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336,000 Mercedes-Benz Diesel Owners in the UK Want Their Money

It's the latest chapter in the German luxury automaker's ongoing diesel emissions cheating scandal, now playing out in London High Court.

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A Bluetec badge on the back of a diesel Mercedes-Benz sedan.
Image: Mercedes-Benz

When you’re caught cheating diesel emissions testing, the punishment’s never one-and-done. There’s usually a federal civil case, suits lodged in states, perhaps even criminal charges and, inevitably, scores of class-action challenges. Mercedes-Benz was already fined $1.5 billion by the U.S. Environmental Protection Agency, the U.S. Department of Justice and the California Air Resources Board as a consequence of its emissions chicanery in 2020, and now the automaker is facing a group of 336,000 owners in the United Kingdom demanding their own compensation.

British law firms are currently working to link claims that could cover a much larger consumer group than the 90,000 Volkswagen owners that received a combined 193 million pounds ($234.5 million) in a May settlement. The accusations are pretty standard, with one of the lawyers representing the owner group writing that alleged “affected vehicles would pass regulatory testing but that the devices would ‘turn down or, in some cases, turn off’ nitrous oxide (NOx) emissions control systems when driven in ‘normal’ conditions,” per The Independent.

[Oliver Campbell KC, representing the car owners] said that under EU rules “the use of defeat devices that reduce the effectiveness of emissions control systems is generally prohibited” and Mercedes allegedly knew that, during normal use, their effect was to “produce far higher amounts of NOx than was permitted”.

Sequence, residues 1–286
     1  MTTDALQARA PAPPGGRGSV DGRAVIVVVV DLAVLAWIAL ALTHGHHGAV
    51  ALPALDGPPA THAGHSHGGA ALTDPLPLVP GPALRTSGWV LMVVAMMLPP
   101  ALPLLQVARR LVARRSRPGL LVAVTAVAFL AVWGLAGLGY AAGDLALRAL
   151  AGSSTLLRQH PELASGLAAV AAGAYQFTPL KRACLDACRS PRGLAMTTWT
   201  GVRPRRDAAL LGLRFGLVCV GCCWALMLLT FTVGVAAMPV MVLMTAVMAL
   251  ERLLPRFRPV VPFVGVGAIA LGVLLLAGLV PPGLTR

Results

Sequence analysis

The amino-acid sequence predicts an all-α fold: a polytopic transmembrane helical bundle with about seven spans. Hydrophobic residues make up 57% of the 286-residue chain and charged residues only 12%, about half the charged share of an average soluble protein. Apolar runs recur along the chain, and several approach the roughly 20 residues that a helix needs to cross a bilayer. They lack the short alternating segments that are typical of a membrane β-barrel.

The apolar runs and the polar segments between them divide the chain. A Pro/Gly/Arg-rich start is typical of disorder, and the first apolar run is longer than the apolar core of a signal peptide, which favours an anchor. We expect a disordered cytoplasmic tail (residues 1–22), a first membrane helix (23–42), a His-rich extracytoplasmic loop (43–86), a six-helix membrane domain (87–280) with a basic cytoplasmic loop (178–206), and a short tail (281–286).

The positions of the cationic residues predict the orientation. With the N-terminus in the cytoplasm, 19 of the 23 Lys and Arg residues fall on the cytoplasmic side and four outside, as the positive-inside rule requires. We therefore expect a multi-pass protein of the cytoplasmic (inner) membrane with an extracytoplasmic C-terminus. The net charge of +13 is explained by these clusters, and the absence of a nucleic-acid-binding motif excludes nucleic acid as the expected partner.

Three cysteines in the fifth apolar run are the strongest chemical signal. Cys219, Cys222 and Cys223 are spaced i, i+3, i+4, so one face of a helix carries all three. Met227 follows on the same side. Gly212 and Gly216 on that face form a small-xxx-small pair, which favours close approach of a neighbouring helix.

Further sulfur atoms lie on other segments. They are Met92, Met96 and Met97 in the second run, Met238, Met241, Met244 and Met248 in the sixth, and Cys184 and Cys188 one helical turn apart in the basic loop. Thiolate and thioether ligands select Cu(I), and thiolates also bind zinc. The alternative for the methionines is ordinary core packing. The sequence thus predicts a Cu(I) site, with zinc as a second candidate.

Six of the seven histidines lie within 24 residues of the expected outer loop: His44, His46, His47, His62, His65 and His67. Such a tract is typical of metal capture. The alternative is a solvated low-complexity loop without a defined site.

He added that Mercedes was allegedly aware the devices “were unlawful and that they could not be justified by the need to protect components of the engine”.

The lawyer said Mercedes was accused of being involved in an “unlawful cartel” linked to the use of its AdBlue technology and faced claims of “deceit” and that it had breached emissions regulations and competition law.


Mercedes’ defense evidently seeks to distance the automaker’s actions from those of Volkswagen, stating that the company will prove “no reduction of effectiveness” in the various emissions control systems across its range, and that no such defeat software capable of recognizing testing scenarios exists.

Helen Davies KC, representing Mercedes, said in written submissions that it “denied entirely” liability over the alleged inclusion of “defeat devices” in its vehicles.

She said there were “crucial differences” between the cases against it and the Volkswagen litigation and that “significant care” was needed when referring to it.

The barrister said “emissions control is complex” and that there was “significant variation in the hardware, software and calibration of parameters” of the “very wide range” of vehicles involved in the claims against it.


According to The Independent, legal counsel for the owners have said this “will be the largest consumer group action before the English courts.” That really depends on whether Mastercard can find a way to weasel out of its ongoing 10 billion pound case covering some 46 million British adults, who would all stand to be compensated 300 pounds each should they be successful. Hell, Mercedes might even be able to get away with this without technically admitting to any wrongdoing. Don’t fret; it could be so much worse.